@davem: you miss the point; you are taking too narrow a view of what a mathematical model is. The assumption you make about the host’s motive, and therefore action, is the key. That’s your model. The rest then is trivial. If you assume something different about his motive and therefore action, you’ll come to a different conclusion.

I think such a study shows the futility of trying to give a universal definition of ‘intelligence’

I aced statistics…except for the probability section. I’ve never gotten it and I still don’t, not even after reading this. However, as I remember this type of show, the options aren’t 2 equal goats and a car. There are the equivalent of a live goat, a dead goat and a car. So sure you’d much rather get the car, and you have a 2 out of 3 (I take your word for it) chance of getting the car. But if you look at what you have, a live goat, vs the downside of switching, a dead goat, it makes sense to stick. At least you’ve got a goat. And you don’t get to go on the show more than once. It’s like that in life too. All those real life choices don’t occur exactly the same way many times a day. A bird in the hand is worth two in the bush so to speak. It creates a blind spot in human choice making, but wisdom in the grand scheme.

[...] computer simulations proved beyond all doubt that always switching was the best strategy.Excuse me for nitpicking, but I’m not sure the term “proof” is appropriate here, since this a mathematical, not a science problem. You prove a mathematical statement by deriving the statement from known theorems (and ultimately from the basic axioms). Examples – because that’s what we’re really talking about here – may serve as a hint towards the truth value (and of course counterexamples can demolish any universal claim), but don’t constitute proof themselves. Here in particular a computer simulation necessarily runs only through a finite number of examples. You could modify the problem so that the best strategy is to switch only in x% of all cases (where x is sufficiently large), and computer simulations would likely mislead you.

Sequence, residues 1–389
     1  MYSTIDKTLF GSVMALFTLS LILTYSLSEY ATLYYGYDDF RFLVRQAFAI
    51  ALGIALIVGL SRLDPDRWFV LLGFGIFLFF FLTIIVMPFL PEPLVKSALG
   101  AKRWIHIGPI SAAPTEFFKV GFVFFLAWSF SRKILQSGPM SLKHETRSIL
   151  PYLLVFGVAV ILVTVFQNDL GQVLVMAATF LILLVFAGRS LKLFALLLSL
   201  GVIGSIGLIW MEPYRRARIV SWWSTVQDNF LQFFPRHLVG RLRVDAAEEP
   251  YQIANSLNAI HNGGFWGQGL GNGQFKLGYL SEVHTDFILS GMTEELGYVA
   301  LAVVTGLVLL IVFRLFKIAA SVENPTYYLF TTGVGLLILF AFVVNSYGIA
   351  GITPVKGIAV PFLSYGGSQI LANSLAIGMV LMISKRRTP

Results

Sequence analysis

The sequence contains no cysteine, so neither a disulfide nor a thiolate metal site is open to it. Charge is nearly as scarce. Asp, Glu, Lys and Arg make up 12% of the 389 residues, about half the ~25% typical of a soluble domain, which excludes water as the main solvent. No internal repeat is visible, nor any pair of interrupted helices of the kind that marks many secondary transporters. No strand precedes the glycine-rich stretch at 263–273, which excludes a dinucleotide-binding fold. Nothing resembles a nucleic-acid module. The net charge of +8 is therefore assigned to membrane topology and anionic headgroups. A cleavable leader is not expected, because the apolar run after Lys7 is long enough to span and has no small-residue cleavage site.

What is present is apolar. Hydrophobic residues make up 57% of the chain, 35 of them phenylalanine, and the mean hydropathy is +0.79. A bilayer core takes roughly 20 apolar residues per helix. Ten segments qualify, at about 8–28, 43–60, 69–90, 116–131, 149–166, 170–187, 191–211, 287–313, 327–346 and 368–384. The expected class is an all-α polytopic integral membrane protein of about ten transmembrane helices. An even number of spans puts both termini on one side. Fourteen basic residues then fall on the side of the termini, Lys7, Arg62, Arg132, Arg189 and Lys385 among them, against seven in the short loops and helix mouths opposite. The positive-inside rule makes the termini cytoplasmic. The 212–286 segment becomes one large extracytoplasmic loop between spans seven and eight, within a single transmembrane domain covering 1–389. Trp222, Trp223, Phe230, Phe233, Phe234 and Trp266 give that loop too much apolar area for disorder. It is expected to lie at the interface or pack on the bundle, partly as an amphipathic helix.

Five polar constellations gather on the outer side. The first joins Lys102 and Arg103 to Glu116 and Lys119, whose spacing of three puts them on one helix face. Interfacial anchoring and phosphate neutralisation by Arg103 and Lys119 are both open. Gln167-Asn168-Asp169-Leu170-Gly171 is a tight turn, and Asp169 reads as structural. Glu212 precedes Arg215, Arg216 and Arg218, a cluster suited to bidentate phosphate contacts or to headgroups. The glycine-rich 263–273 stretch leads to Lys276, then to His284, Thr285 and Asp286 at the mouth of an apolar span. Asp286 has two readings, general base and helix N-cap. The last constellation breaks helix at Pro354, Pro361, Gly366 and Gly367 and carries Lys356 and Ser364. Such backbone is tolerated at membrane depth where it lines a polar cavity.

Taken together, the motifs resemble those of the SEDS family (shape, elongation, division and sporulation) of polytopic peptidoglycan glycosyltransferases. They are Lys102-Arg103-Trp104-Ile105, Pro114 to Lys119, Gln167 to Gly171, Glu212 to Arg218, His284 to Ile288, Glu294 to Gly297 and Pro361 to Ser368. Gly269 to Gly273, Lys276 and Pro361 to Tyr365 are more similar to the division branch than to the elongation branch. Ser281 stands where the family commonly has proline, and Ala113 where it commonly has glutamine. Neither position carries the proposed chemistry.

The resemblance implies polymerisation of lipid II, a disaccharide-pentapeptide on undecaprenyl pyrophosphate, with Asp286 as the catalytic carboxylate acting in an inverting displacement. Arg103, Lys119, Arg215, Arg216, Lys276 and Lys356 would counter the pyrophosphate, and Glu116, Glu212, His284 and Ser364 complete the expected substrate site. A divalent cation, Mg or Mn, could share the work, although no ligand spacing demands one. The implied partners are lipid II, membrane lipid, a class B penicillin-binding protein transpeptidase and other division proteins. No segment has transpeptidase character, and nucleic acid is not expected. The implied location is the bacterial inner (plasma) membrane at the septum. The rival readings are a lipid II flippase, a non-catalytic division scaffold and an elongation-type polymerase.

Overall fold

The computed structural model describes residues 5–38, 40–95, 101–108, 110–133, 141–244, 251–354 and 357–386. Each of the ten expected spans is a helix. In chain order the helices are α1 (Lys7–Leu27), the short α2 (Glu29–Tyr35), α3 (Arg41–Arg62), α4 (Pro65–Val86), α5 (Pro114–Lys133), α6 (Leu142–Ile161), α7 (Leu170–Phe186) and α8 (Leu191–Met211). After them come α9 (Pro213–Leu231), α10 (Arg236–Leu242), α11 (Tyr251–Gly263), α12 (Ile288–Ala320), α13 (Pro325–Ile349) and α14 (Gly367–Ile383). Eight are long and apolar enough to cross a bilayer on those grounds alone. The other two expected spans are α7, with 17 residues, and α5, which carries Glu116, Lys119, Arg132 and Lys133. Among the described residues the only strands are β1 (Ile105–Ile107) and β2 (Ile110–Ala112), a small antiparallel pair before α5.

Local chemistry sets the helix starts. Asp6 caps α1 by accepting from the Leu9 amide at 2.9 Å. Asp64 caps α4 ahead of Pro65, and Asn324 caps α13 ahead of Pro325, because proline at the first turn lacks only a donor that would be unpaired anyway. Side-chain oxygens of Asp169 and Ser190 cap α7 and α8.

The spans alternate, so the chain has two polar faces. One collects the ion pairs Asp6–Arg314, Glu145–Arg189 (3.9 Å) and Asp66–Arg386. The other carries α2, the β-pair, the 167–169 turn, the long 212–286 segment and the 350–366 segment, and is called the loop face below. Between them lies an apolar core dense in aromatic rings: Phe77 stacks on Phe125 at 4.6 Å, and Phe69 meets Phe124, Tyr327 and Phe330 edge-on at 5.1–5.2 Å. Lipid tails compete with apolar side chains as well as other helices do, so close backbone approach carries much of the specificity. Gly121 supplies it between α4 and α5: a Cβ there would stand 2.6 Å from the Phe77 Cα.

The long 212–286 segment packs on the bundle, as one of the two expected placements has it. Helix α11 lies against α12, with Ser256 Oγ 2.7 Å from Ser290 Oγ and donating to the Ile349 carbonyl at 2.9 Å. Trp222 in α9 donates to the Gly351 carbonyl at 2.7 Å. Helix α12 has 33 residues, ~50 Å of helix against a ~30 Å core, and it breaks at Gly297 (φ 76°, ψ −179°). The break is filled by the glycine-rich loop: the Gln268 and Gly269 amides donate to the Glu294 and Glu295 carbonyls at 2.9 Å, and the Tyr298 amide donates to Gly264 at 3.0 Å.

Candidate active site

Admittedly, the last scenario may seem disconnected from reality, but that’s the difference between science and math.

I’m curious as to how the students “overthought” their task. Did they keep track of which buttons they pressed, which lit up and so on? I don’t know how many iterations you’d need – now that’s a problem where computer simulations would come in real handy – but at some point I’d think just looking at your previous successes and failures you should be able to figure out that switching is the better strategy (although I don’t know if 200 runs are enough for that). Did they formulate a theory on how to best play the game? Basically I’m wondering if they actually approached the game from a thinking, analytical perspective or whether they relied on their intuition.

Also, I thought Monty Hall was a topic in school math. So, had the student never learned (or forgotten) about the Monty Hall problem? Or did they know it, but didn’t recognise it in the button pressing variant?

Did Hebranson and Schroder ask the students about any of this?

Just imagine there are two candidates, A and B. A and B both choose the same door. After the moderator picked one door A always stays with his first choice, B always changes his choice to the remaining third door. Now imagine you run this experiment 999 times. What will happen? Because A always stays with his initial choice, he will win 333 cars. But where are the remaining 666 cars? Of course B won them!

Another illustration:

Let us conduct the experiment with 100 doors! Now let’s say the candidate picks door 8. By rule of the game the moderator now has to open 98 of the remaining 99 doors behind which there is no car. Afterwards there is only one door left besides door 8 that the candidate has chosen. Obviously you would change your decision now! The same should be the case with only 3 doors!

Brad – At the end of the experiment, the students weren’t showing any further signs of improvement though. I think their performance had hit a plateau.

For those interested, Jason Rosenhouse has written a book about this, *The Monty Hall Problem* (Oxford University Press, 2009). Here’s the Amazon page for it: http://www.amazon.com/dp/0195367898/

In regards to ‘overthinking’. The idea here is that the humans had come to the conclusion that the choice did not matter. They had convinced themselves that there was a 50/50 chance of getting the grain, and therefore stopped really looking at new data. Or, (in regards to probability matching) they had come up with a better feel, but were trying to game a random situation. That is, they maybe thought that if they choose the less optimal strategy 33% of the time, it would somehow make them more likely to succeed.